Secondly, CCA participation may contribute directly to a person’s knowledge and skills. Consider for instance, the National University of Singapore (NUS) National Police Cadet Corps (NPCC), a uniformed society in NUS.

Officers in the society regularly get leadership and mentoring training so that they are well-equipped to train the cadets in the units they serve.

A former student, Mr Tan Yan Jun, shared with me how being an NPCC officer developed him holistically, moulding especially his interpersonal and problem-solving skills.

More generally, CCA engagement can endow individuals with important soft skills such as communication, creativity, leadership and teamwork which employers value.

Widening Networks   

Thirdly, CCA participation enables individuals to widen their social networks. Many academic clubs, for instance, have an alumni wing which links current students with alumni.

Through networking events, current students can keep abreast of the developments and job opportunities in the industry.

CCAs also allow students from different fields of study to meet and so, learn about opportunities in other sectors.

Students Tend to Underestimate Value of CCAs

A recent poll I conducted with a class of 60 honours students revealed that 30 per cent had never participated in a CCA while in university.

Although the sample size is admittedly small and the findings may not be generalisable to the population of local tertiary students, it does suggest that students may not be fully aware of the labour market returns to CCA participation.

Many did not see a need to list their CCAs on their resumes, unless they held “important” positions, such as being on executive committees.

But as research has shown, CCA involvement can set you apart — whether or not you held a leadership position — since it potentially communicates that you have other desirable qualities and skills, such as resilience and teamwork.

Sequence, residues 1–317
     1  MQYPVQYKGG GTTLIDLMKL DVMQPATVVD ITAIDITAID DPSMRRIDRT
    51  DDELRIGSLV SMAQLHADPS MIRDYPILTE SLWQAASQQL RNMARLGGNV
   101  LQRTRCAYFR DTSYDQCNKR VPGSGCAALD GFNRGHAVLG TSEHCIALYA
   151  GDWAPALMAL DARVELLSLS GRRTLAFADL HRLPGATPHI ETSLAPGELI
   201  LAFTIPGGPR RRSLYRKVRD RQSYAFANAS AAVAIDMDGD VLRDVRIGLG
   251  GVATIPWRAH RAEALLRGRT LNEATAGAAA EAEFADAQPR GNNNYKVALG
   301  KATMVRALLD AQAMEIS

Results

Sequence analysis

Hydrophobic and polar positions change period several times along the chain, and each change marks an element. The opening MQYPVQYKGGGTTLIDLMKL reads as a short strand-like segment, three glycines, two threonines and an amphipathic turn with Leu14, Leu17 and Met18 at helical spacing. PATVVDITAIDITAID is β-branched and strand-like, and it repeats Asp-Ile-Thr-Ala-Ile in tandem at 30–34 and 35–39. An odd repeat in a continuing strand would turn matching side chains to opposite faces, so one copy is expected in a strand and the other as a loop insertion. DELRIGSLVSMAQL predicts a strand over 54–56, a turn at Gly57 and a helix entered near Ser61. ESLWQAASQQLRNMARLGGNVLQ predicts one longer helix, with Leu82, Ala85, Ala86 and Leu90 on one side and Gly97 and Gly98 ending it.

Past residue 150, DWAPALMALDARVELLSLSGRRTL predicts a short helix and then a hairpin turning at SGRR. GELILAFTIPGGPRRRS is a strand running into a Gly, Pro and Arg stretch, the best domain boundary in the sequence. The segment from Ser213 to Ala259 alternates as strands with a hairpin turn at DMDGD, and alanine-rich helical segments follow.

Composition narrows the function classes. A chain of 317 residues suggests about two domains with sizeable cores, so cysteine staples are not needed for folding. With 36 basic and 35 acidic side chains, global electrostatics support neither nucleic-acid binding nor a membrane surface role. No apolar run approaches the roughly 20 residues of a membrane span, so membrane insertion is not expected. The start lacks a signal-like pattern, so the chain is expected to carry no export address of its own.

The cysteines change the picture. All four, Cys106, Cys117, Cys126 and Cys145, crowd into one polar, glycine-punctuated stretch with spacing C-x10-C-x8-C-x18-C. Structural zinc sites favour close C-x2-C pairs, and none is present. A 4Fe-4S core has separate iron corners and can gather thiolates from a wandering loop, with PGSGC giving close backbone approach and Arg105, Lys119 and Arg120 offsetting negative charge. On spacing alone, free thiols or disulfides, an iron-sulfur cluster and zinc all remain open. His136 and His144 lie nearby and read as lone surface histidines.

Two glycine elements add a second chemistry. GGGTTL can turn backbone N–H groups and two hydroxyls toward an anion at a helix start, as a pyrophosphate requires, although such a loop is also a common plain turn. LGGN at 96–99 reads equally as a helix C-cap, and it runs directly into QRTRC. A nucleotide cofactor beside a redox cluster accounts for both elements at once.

While the current pandemic may reduce the viability of some CCAs, particularly those requiring close contact, many other CCAs have now resumed, and can be conducted feasibly with limited physical interaction.

Of course, students should opt for a CCA which best matches their interests, and which can help develop and demonstrate the soft skills they are seeking.

EXCHANGES AND INTERNSHIPS

Besides CCAs, participation in other school-based education programmes such as student exchanges, when the situation allows, can also make students more attractive to employers, for similar reasons.

Furthermore, while fewer internships exist these days, this does not mean that students should give up trying to secure such opportunities, since internship experiences can also help to make students more attractive.

Students can proactively source internship opportunities through the career centres of their universities.

OTHER TIPS TO BOOST EMPLOYABILITY

When ready to enter the labour market, students should ensure they have a well-organised and error-free resume, which highlights only their most important achievements.

It is tempting to list everything you have achieved — including that singing competition you won 10 years ago. But resist the urge to do that as it will make it hard for your most significant achievements that are relevant to the job to stand out.

Be strategic. As a rule of thumb for fresh graduates, your resume and cover letter should not exceed two pages each.

It is worth spending some time researching the companies you are applying for and tailoring each application to demonstrate that you have precisely the qualities sought by each company.

Finally, when the coveted interview opportunity arises, ensure you are well prepared to answer commonly asked questions like “why do you want this job?”, “how can you add value to the company?”, and “what are your greatest strengths/weaknesses?”.

Together, these strategies will help you gain a first step through a company’s door.

ABOUT THE AUTHOR:

Kelvin Seah Kah Cheng is a senior lecturer in the Department of Economics, National University of Singapore and a research affiliate at IZA Institute of Labor Economics. His research focuses on the economics of education.

Original Sources